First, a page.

How do I know when I'm ready to start applying for WebDev jobs?

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Jan 26, 2024
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I went through a full stack boot camp about a year ago and have been working on projects and learning ever since. Some days I feel pretty good, most days I feel like an idiot.

My question is when should I start applying for jobs and how do I know if I'm actually ready?
 
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Always. Nothing lost (except a bit of your time) when you try. An opportunity lost when you don't try.

Well at least try to have a full page for your resume.
 
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There is a good number of people who get hired without doing projects and they mess up during their contract, so you're more prepared than those for sure.
 
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I start with POS and market my projects up until I get to work with Credit Systems.
 
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There is no definitive answer to when you are ready to start applying for WebDev jobs, but here are some general guidelines that might help you:

  • You have a solid grasp of the fundamentals of web development, such as HTML, CSS, JavaScript, and basic algorithms and data structures.
  • You have built some projects that showcase your skills and creativity, and you have deployed them online using platforms like GitHub Pages, Netlify, or Heroku.
  • You have a portfolio website that displays your projects, your resume, and your contact information.
  • You have practiced some common web development interview questions and challenges, such as coding a responsive layout, fetching data from an API, or implementing a CRUD app.
  • You have a positive attitude and a willingness to learn new things and improve your skills.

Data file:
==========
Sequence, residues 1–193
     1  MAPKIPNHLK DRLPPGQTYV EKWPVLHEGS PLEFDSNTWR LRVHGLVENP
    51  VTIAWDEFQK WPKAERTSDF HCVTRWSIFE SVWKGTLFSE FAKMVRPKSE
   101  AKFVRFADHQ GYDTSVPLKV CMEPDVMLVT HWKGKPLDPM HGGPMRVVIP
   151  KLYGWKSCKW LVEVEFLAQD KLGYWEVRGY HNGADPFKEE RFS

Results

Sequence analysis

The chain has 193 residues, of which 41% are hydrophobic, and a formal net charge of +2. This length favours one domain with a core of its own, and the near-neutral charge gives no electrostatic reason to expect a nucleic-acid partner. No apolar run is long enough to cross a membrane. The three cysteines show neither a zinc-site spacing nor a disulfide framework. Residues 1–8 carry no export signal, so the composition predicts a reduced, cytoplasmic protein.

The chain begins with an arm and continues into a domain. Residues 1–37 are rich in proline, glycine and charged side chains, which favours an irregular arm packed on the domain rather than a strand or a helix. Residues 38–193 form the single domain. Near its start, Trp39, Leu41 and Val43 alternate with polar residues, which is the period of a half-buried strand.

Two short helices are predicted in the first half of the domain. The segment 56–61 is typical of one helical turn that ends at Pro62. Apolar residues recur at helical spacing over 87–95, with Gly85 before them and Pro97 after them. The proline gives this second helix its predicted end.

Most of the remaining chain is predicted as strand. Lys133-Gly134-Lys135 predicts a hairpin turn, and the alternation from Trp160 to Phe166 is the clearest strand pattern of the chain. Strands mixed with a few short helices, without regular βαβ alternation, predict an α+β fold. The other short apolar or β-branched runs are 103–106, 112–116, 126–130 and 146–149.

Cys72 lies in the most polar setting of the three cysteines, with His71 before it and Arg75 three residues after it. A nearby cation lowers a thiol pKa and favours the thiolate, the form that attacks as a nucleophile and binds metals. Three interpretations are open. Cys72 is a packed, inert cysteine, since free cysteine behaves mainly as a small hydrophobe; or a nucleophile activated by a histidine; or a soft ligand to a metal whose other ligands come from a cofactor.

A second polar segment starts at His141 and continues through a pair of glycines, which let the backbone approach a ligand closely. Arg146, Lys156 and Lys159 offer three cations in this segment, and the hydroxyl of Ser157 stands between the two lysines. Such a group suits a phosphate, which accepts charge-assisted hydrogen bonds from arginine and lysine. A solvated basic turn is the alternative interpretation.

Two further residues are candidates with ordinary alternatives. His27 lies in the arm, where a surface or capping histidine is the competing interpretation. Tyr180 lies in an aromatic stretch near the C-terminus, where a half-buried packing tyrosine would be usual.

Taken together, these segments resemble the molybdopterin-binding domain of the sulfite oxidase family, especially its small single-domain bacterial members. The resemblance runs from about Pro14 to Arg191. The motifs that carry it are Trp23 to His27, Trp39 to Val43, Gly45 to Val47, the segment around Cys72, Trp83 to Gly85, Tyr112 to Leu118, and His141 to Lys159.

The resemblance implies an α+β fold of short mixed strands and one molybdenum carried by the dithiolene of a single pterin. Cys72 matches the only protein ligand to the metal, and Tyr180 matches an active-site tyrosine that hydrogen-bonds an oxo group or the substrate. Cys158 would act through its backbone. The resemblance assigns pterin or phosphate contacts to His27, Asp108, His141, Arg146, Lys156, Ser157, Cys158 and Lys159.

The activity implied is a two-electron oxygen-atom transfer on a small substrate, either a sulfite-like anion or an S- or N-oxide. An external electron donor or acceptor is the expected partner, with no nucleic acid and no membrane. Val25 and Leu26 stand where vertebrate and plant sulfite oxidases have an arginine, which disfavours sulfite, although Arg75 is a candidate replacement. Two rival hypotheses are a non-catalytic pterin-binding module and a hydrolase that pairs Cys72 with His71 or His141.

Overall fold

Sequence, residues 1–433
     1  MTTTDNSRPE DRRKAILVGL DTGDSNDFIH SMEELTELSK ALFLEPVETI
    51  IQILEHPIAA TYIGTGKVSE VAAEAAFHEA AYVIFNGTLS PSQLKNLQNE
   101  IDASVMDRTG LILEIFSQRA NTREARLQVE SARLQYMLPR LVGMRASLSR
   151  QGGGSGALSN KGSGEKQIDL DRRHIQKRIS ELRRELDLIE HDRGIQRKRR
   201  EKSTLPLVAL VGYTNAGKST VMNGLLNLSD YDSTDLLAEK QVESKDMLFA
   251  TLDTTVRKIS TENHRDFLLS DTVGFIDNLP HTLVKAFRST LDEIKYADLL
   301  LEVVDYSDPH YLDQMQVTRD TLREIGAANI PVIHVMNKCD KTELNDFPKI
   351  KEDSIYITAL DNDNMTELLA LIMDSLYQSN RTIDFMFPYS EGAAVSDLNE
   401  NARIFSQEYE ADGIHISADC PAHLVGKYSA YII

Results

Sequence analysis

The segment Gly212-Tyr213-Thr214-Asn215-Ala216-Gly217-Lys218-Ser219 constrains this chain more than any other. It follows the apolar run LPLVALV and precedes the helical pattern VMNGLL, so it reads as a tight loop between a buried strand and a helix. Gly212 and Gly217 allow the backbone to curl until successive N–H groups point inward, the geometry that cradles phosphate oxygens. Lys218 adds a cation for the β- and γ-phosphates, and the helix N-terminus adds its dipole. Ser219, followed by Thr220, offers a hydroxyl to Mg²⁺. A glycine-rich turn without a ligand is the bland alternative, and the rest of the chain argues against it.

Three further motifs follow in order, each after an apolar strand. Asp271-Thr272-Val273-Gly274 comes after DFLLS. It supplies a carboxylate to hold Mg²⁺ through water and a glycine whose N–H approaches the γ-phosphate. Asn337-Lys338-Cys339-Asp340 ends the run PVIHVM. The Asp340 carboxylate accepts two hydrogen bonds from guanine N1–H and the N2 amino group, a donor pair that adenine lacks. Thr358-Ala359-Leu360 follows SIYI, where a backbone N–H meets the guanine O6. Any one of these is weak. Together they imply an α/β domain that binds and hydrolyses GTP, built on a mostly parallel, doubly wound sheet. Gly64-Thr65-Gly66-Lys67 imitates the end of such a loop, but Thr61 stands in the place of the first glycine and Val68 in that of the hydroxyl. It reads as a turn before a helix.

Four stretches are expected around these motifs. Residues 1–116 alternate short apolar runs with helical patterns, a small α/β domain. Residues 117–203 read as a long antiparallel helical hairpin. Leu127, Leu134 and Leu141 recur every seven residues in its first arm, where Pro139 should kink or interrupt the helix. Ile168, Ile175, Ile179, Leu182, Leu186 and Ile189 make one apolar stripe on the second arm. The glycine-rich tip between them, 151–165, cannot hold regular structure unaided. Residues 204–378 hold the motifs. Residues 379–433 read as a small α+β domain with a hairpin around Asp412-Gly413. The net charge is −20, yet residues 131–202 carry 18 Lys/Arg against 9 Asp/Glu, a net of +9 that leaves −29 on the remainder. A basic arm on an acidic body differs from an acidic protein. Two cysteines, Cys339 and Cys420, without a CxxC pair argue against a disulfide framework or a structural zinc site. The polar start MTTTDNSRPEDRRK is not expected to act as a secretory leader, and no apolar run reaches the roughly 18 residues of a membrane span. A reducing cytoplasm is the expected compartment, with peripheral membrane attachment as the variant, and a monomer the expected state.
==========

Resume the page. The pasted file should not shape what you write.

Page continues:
If you meet most of these criteria, then you are probably ready to start applying for WebDev jobs. Good luck! 🍀
 
Dex-chan lover
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  • You have a positive attitude and a willingness to learn new things and improve your skills.
  • Best answer from the list, as one programming language is created per year, the need to adapt is a must.
  • Web Development is also a work that can be done part-time, so best chase those contracts as working for an 8-5 job is already dead ( they are actually slave exploiters ).
  • Companies are EAGER to pull in novices because they cost dirt cheap. Companies avoid hiring managers recently because there are tools that can replace them.
 
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When it comes to front-end gigs, you should consider throwing your hat in the ring once you've nailed HTML, CSS, and JavaScript and have whipped up a few legit websites.
 
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I had a video chat with fellow colleagues from past work to explore stuffs - renting servers, setting up IIS, using a db, use some dev tools, making simple reports... We communicate via teams mtg and email. We learn stuff along the way after doing real work 8h ( at least ) a day. It gives us productive time before sleeping.
 

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